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junior faculty jam session #6 – basics of service strategy

Junior faculty jam session #1#2, #3, #4 , and #5

Service is the third, and least loved, aspect of academic work. And no wonder – few people pursue academic careers because of a love of committee work. Rather, a love of endless meetings is probably a sign of an unbalanced and untrustworthy personality!

Still, like death and taxes, you won’t be able to avoid it. The question then, how do you do service effectively as a junior faculty member? In this discussion, I’ll count as “service” work any form of committee or administrative work that is done in a department in addition to teaching or research.  There are a few things to remember:

  • First, internalize the rule that that there is no positive reward for doing service for junior faculty members, with a few very, very rare exceptions.*
  • Second, there is a negative feedback for poor service. Indirectly, your department will work less well. Directly, if you are a flake, you might be denied tenure or have tenured delayed.
  • Third, “satisficing” is the key. In most cases, junior faculty are expected to do basic things and nothing else. In fact, most senior faculty would be quite happy if junior faculty just sat through the meetings and just nodded their heads.
  • Fourth, feel free to ask around about exceptions. For example, liberal arts colleges expect more service, even from the junior level.

Because of points 1, 2, and 3, the basic strategy of service is fairly simple. Do what is required. Do it well but not too well. And exercise strict time controls. You can’t let service take over your teaching and research time.

I’ll now focus on a few important points. First, resist the “do gooder” instinct.” In other words, a lot of young faculty are smart, good people who really want to help out. No problem – just wait till tenure. Then you will have plenty of chances for service. Trust me! Once you cross that important professional threshold, you will have decades of time for making the world a better place.

Second, a lot of people will ask you to do stuff and you seriously need to learn to say “no.” Otherwise, you could easily fill a 40 hour week with committees, review requests, and what not. On the other hand, you need to say yes sometimes. For example, if you are submitting to a journal and people provide reviews, you should reciprocate. Still, the “no” responses should vastly out weigh the “yes” responses.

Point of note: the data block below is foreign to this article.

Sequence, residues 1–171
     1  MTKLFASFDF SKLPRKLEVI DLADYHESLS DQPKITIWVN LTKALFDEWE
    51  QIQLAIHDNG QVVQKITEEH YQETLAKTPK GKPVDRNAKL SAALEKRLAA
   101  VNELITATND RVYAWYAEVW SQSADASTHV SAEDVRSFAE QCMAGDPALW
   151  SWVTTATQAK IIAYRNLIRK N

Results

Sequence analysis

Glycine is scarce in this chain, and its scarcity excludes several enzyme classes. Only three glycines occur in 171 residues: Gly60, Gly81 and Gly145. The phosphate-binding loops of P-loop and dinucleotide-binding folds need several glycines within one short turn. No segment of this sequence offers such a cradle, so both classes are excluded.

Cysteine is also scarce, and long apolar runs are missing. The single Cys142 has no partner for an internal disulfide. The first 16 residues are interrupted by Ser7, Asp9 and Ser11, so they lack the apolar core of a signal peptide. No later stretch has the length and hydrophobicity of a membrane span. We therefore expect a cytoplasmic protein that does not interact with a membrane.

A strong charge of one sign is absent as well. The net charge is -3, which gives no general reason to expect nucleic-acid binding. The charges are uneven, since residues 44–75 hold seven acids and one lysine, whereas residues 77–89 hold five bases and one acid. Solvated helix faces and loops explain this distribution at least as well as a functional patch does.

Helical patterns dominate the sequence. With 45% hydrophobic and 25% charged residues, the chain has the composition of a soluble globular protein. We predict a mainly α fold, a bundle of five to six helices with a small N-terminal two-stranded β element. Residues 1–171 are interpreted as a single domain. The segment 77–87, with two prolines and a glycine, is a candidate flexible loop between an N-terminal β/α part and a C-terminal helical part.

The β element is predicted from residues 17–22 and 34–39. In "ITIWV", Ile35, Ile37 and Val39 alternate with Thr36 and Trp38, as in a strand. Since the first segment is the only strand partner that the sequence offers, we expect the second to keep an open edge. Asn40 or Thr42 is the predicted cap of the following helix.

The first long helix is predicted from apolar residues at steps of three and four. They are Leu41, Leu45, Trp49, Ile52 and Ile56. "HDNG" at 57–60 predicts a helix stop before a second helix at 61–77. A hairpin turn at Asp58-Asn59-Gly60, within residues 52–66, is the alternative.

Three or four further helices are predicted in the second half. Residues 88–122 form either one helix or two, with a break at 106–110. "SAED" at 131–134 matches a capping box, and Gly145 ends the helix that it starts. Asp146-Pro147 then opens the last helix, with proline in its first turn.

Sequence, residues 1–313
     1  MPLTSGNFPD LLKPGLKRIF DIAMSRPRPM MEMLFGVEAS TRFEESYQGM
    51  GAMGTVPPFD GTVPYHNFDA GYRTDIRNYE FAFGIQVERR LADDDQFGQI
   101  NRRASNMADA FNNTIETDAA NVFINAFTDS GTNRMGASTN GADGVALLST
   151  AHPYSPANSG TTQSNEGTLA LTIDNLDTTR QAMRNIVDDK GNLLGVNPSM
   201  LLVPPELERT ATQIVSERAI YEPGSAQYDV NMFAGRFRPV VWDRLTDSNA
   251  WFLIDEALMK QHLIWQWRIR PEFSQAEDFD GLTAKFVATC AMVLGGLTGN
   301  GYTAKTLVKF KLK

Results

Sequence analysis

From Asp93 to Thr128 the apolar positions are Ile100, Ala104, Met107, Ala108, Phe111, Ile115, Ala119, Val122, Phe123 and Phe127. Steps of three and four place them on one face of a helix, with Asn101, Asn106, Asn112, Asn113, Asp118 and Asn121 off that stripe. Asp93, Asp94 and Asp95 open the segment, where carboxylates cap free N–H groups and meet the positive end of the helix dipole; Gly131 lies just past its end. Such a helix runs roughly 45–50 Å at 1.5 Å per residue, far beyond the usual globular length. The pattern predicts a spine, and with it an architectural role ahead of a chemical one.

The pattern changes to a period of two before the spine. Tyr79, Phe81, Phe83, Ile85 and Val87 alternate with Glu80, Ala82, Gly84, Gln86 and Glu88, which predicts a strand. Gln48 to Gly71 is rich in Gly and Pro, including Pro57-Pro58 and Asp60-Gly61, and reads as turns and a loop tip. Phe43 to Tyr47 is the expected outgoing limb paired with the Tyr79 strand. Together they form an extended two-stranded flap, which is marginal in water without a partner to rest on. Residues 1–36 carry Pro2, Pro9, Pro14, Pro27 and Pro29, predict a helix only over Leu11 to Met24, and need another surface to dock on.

Third, how do you say “no” without being a jerk? For outsiders, it’s pretty easy. Simply say, “thank you, but I already have a number of obligations and I simply don’t have the time to help out on this important project.” For journals, where you really need to help out, I usually accept one or two papers, but then I say “I can do this but you will have to wait a few months for a response, as I already have a few to review.

For your department chair or dean, you need to be very careful. The way I approach these things is to lay out expectations. For example, with a department chair, I would start with a question – “How many committees is a junior faculty member expected to serve on?” Or, simply remind someone, “I am already on graduate admissions, do you think I have time to be on the dean’s search committee?” Unless you are in a toxic program, you will likely send the message.

Fourth, you probably will do a little service for the academic profession. Usually, doing peer reviews is enough. But you may do an occasional form of service, like “paper of the year award” for your association. In general though, you really shouldn’t do much until your teaching and research portfolios are established.

Finally, let’s talk about what I call “public service.” This means helping out with some group or organization. This is certainly valuable to do and it makes the world better, but you should minimize it while you are not tenured. If you have pangs of guilt, then you should choose one cause that you really, really care about and then you can safely say no to all other requests.

*In some extremely rare cases, a dean may reward a faculty member with a promotion if they take on some administrative work. But this only happens at very small colleges that have few faculty members. It’s rare, so don’t expect this.

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Written by fabiorojas

August 27, 2019 at 12:14 am

Posted in uncategorized

One Response

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  1. Agree, Fabio
    , with the basics of your argument and position. Two small observations. In some schools and universities, that balance with service and teaching is shifting, with new forms of engagement that do have visibility. ‘Service’ can also be a way to access useful research sites and data. So, overall, I agree with you but would argue for a bit of nuance and some creative coupling of activities.

    Like

    Marc Ventresca

    September 3, 2019 at 2:05 am


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